March 26, 2015
The masters of lobbying the EU institutions in Brussels? You might be surprised

Classical Athens has been credited with the establishment of the first democracy. The term “Demokratia” was coined around 500 BC, again,  in Athens. Its etymology is quite simple: “demos” meaning people and “-kratia” deriving from –kratos, which meant power. Europe was built on the notion of democracy-people-power.

However, in contemporary times there is a tendency, at least for some European citizens, to feel removed from the decision making process and also, feel more than a little anxious about the role of business actors in Europe. The accusation that business actors have undue influence over policy-makers is ever-present amongst a few, who also try to convince citizens that they don’t have any say in the legislative process in Brussels. So what if we told you that actually, the opposite is true and that so-called “citizens groups” (many of which, in fact, are funded, at taxpayer’s expense, by the very same public institutions that they lobby) make more of a difference than some say?

A recent London School of Economics analysis, by Andreas Dür, Patrick Bernhagen and David Marshall, produced some very interesting results. Their findings, based on 70 legislative proposals introduced by the European Commission between 2008 and 2010, found that campaign groups were far more successful at achieving their outcomes in EU legislative decisions. This, of course, contradicts the very vocal critics of business lobbying, who create a culture of fear around business influence in Brussels. The authors of this study interviewed Commission officials and this provided them with data on the issues based around the 70 proposals and also the positions of the interest groups that lobbied on the issues.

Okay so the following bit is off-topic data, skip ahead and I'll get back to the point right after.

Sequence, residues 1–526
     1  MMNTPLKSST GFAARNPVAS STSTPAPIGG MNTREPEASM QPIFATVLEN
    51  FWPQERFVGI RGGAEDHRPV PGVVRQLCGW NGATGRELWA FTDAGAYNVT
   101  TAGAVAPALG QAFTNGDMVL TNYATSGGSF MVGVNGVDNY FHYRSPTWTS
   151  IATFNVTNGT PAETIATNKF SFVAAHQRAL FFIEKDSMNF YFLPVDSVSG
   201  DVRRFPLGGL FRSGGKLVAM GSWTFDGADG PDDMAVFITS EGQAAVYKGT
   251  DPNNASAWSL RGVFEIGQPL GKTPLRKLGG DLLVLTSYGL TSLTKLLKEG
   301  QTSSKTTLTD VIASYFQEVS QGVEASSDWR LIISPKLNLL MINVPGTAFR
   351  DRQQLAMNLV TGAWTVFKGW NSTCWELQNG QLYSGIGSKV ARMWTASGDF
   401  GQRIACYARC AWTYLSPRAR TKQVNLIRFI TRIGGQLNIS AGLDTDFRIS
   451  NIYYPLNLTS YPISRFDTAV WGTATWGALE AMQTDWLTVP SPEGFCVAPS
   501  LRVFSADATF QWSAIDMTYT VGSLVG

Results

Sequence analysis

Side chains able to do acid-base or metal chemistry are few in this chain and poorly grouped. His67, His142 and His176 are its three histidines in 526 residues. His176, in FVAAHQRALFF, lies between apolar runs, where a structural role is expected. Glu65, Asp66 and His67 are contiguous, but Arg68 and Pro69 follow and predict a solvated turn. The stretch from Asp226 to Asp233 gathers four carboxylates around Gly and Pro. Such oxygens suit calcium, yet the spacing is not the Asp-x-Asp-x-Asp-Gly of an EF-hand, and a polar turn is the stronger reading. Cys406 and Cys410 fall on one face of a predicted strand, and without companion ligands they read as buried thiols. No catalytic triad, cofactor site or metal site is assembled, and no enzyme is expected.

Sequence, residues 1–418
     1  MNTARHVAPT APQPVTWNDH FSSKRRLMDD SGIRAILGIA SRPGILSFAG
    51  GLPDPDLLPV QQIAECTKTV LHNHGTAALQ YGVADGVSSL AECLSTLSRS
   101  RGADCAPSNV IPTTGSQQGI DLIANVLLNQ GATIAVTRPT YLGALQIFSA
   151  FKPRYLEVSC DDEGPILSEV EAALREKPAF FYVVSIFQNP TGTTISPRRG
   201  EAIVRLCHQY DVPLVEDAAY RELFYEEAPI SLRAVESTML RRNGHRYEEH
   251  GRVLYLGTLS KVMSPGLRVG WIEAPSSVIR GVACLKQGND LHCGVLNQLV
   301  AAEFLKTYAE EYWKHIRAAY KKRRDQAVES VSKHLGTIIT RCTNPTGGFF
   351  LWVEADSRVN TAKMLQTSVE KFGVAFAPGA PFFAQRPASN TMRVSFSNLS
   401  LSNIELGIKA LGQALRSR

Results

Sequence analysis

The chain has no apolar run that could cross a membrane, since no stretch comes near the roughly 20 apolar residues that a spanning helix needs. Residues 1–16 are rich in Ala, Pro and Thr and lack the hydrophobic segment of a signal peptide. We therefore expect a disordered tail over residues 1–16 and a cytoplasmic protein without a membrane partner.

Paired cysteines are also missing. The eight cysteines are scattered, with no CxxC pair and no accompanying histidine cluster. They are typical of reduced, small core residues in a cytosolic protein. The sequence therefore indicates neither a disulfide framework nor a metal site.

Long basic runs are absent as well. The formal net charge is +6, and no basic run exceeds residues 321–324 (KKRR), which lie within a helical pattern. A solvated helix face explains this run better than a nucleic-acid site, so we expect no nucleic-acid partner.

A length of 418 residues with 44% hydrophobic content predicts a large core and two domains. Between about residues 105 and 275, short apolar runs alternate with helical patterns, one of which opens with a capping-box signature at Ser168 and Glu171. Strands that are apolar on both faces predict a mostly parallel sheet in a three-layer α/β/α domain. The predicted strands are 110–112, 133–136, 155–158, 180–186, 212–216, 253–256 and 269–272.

Chart: Average lobbying ‘success’ for citizen groups and business actors in the EU’s legislative process


To put it simply: The data was analysed to calculate the measure of lobbying success, and the measure of this success was based on how favourable the outcome of the legislation was in relation to the actors’ position. A number of factors were taken into account, for example: media attention, the actors’ endowment with relevant information and the distance between the Commission’s position and the actors’ ideal position.  One reason for campaign groups being more successful than business lobbying could be because the contemporary EU decision making process favours a high-regulation approach.

At Monsanto, we believe that all stakeholders should have a voice when it comes to the decision making process in Europe: citizens, businesses, everyone. This is the very basis on which democracy is founded. We also want to make it clear that businesses are not a leviathan when it comes to the decision-making process. And that businesses such as Monsanto only thrive when their European employees–the overwhelming majority of whom are EU citizens–as well as customers benefit from the safe, healthy, affordable food that our products help European farmers produce.

You can read the full analysis of the LSE findings here.

Also interesting: A 2013 speech by European Commissioner Maroš Šefčovič about lobbying in Brussels, which includes choice quotes such as these:

“Yes, big business is here – but so are environmental NGOs, youth organisations, religious groups, civil liberty campaigners, local and regional governments, industry associations, think tanks, law firms and many more besides. And sometimes the smaller entities are even financially supported by the EU.” [emphass added]

“What really makes lobbying most effective is being transparent, accurate, having nothing to hide, and following the ethical guidelines that signing the register implies. Businesses, NGOs or any other organisation who do that – either directly or by hiring others – have a far greater chance of getting their voice heard and can indeed make a positive contribution to a better and more informed debate.”


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